Martin Luther King, Jr. Civic Center Building - Groundbreaking 16 March 1999

facade


Legacy - Preserving Our Past
The Martin Luther King, Jr. Civic Center Building is a designated city landmark. Designed by noted Berkeley architect, James Plachek, the six-story art modern building was originally constructed for the Farm Credit Administration between 1938 and 1940. The City of Berkeley acquired the building in 1977 for its municipal offices.

Seismic Renovation - Securing Our Future 
Seismic renovation of the Civic Center Building includes a state-of-the-art base isolation system. The completed building will rest on eighty-eight (88) lead rubber-bearing isolators and steel sliders, which will be installed in the basement of the six-story structure. This system introduces a moat around the entire building perimeter to allow the base isolated building to move up to 30 inches in any direction. In the event of a major earthquake, base isolation will greatly reduce structural and architectural damage and will minimize "downtime" for City services.

floorplan
Typical Open Office



ARCHITECT
ELS/Elbasani and Logan Architects

STRUCTURAL ENGINEER
Forell/Elsesser Engineers

CONTRACTOR
Swinerton Management and Consulting

MECHANICAL ENGINEER
Ove Arup and Partners

ELECTRICAL ENGINEER
The Engineering Enterprise

PROJECT MANAGEMENT
City of Berkeley, Facilities Management
510.981.6330

PROJECT FUNDED BY
Local Measure S
Federal Emergency Management Agency

 

New Work Environments
Renovated office floors will incorporate up-to-date heating, plumbing, electrical and data/communications systems. Custom pendant light fixtures will recall the historic fixtures that served the mortgage and insurance operations of the Farm Credit Administration.

Energy Efficient Design - Natural Ventilation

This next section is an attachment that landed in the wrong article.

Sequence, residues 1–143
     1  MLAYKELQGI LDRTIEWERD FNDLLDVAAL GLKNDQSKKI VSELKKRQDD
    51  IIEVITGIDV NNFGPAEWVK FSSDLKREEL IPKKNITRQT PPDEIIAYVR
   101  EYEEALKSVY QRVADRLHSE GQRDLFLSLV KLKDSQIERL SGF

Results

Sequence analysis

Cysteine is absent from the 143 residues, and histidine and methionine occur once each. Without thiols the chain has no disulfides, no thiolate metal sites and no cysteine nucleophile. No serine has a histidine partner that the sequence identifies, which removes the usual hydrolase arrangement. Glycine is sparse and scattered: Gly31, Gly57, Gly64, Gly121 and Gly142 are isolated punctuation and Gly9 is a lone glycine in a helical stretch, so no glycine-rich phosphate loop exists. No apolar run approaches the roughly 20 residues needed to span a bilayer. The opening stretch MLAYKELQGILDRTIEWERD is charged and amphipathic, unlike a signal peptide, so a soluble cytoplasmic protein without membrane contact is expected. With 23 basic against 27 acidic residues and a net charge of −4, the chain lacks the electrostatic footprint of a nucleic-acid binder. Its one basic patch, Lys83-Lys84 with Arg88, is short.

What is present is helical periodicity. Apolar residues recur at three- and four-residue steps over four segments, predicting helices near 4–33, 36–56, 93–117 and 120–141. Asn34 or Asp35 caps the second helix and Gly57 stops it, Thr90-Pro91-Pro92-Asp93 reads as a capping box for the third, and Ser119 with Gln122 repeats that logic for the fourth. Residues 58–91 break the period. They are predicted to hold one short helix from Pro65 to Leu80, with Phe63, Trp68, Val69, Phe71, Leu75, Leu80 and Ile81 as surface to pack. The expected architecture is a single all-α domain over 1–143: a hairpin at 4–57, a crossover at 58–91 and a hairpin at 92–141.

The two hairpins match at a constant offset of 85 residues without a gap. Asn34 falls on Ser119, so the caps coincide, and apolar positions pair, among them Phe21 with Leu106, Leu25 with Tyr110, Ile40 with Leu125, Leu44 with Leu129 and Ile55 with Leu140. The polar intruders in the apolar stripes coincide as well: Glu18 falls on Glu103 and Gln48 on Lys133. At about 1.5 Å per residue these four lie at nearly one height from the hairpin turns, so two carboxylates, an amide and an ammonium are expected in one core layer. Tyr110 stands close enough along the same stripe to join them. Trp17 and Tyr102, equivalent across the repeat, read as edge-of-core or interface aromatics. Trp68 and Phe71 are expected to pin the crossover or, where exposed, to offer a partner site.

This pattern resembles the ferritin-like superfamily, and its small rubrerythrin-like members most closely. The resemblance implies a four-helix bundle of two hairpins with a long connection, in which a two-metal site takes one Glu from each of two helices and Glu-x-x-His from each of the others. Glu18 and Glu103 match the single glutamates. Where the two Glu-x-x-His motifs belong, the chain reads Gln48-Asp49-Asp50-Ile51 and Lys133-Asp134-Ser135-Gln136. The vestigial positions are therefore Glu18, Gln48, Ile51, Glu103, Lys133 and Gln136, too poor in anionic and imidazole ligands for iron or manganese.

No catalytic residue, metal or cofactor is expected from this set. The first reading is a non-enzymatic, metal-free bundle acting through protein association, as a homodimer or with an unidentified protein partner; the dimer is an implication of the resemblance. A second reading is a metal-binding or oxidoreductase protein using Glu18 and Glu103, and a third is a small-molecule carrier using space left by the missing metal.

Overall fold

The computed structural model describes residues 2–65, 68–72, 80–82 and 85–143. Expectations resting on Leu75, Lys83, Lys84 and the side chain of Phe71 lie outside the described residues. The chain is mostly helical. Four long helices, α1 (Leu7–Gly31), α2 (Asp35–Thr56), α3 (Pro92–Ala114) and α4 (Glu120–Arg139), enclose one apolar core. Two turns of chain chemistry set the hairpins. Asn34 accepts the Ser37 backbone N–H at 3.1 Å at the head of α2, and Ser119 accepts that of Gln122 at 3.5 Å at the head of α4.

The U-shaped building takes maximum advantage of daylight, and the historic steel casement windows will be refurbished and remain operable. During the day, new natural ventilation shafts will help to remove warm air and draw cooler air in from outside. Exposed concrete ceiling joists will provide thermal mass to reduce peak heating loads and smooth out temperature swings during office hours.

elevati
North-South Section/Elevation

 

AWARDS

Preservation Design
California Preservation Foundation

Savings by Design
California Utilities & American Institute of Architects

Distinguished Project of the Year
American Public Works Association

Award of Excellence
Berkeley Design Advocates

Special Commendation
Berkeley Architectural Heritage Association



A SPECIAL THANK YOU TO

Mayor Shirley Dean
Councilmember Polly Armstrong
Councilmember Margaret Breland
Councilmember Linda Maio
Councilmember Betty Olds
Councilmember Maudelle Shirek
Councilmember Dona Spring
Councilmember Diane Woolley
Councilmember Kriss Worthington
City Manager James Keene
Senator Diane Feinstein
Senator Barbara Boxer
State Senator Barbara Lee
Assemblywoman Dion Aroner
James Lee Witt, Director of FEMA
Jane Bullock, FEMA Chief of Staff
Martha Whetstone, Director of FEMA Region 9

Thank you, Berkeley, for supporting
seismic safety in our community!